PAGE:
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Turkish army tanks hold positions near the border with Syria, in the outskirts of the village of Elbeyi, east of the town of Kilis, in southeaster Turkey, Thursday, July 23, 2015. Suspected Islamic State militants fired at a Turkish military outpost from a region under IS control, inside Syrian territory Thursday, killing a Turkish soldier and wounding two others, an official said. Turkish troops retaliated to the attack and at least one IS militant was killed, amid a surge of violence in Turkey following a suicide bomb attack near Turkey's border with Syria which killed 32 people. (AP Photo/Emrah Gurel)

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A Kurdish YPG fighter at a base in northeastern Syria said his M-16 assault rifle, stamped with the words "Property of U.S. Govt," was captured from the Islamic State, which probably took it from the Iraqi army. (Campbell MacDiarmid/Special to The Washington Times)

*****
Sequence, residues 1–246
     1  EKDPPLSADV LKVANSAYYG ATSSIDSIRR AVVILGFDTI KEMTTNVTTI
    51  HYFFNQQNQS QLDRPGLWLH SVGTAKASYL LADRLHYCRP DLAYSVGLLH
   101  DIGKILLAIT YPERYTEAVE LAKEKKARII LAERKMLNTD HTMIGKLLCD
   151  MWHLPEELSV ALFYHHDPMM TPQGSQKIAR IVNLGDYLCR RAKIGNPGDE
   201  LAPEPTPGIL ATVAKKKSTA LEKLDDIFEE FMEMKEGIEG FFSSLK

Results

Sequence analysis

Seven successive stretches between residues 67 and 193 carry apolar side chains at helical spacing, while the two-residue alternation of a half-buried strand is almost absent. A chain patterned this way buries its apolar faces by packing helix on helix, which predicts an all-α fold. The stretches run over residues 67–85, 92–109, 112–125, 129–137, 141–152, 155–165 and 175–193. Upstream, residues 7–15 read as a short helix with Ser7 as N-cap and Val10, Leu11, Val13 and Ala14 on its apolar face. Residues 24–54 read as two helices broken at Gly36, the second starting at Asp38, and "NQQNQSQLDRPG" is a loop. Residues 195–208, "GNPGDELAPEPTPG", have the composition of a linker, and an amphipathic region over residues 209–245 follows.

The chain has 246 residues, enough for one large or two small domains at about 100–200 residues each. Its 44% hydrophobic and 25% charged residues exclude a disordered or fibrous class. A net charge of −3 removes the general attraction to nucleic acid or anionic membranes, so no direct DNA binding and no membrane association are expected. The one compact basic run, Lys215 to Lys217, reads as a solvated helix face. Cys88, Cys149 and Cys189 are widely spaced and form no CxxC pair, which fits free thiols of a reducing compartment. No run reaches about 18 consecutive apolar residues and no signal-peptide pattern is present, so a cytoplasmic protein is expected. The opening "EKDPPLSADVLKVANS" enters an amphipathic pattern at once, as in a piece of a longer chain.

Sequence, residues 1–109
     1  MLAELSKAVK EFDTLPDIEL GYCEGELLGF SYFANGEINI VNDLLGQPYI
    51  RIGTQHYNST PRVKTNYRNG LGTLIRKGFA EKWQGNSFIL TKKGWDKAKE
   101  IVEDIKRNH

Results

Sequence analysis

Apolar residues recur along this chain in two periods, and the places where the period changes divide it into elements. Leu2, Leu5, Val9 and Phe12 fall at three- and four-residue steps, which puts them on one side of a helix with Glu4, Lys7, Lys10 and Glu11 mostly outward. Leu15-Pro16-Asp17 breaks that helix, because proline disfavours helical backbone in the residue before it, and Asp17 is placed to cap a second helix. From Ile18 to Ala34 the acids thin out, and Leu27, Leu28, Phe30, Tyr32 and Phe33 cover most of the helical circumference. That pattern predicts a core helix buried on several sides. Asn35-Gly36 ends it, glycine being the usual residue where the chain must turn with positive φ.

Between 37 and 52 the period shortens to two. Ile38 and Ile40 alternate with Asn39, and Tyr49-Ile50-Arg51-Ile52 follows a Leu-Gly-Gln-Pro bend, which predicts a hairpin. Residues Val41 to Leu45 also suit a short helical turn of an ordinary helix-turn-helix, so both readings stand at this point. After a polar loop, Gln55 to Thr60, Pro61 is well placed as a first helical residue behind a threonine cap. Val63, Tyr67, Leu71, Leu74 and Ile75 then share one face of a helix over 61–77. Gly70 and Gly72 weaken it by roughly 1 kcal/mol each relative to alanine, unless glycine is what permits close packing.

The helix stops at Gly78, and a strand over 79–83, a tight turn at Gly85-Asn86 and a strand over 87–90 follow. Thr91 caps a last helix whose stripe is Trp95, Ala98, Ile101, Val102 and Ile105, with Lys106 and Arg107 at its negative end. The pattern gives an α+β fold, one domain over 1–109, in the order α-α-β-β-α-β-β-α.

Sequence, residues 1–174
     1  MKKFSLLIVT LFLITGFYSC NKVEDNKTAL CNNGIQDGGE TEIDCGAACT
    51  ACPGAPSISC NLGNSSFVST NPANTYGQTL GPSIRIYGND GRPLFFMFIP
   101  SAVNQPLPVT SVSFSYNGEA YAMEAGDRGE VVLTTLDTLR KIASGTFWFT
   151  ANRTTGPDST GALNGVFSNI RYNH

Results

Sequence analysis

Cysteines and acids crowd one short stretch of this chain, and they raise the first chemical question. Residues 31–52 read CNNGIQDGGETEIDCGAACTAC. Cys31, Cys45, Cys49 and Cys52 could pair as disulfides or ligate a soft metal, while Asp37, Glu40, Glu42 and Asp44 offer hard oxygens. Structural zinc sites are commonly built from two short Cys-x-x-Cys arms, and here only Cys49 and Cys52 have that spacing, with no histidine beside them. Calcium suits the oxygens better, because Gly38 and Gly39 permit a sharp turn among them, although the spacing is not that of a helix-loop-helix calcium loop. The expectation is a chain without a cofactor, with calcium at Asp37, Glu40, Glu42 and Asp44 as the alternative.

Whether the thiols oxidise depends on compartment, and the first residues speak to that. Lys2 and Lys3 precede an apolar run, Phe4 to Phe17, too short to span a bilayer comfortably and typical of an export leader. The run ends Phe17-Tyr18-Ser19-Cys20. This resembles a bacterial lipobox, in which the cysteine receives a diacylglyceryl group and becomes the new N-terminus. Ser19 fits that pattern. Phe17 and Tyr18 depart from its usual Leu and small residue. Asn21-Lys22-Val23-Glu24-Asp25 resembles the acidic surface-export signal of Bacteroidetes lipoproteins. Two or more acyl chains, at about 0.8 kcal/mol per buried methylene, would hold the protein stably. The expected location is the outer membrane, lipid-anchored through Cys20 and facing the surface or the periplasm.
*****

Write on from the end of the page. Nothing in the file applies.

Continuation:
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Rep. Ileana Ros-Lehtinen, R-Fla., talks to media before entering a classified members-only briefing on Syria by senior administration officials on Capitol Hill, Sunday, Sept. 1, 2013, in Washington. Sunday the Obama administration confidently predicted congressional backing for limited action in Syria. Further classified meetings are scheduled in upcoming days. (AP Photo/Carolyn Kaster)

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Syria overtook Afghanistan to become the world's biggest source of refugees last year, while the number of people forced from their homes by conflicts worldwide rose to a record 59.5 million, the United Nations' refugee agency said Thursday, June 18, 2015. (AP Photo/Petros Giannakouris, File)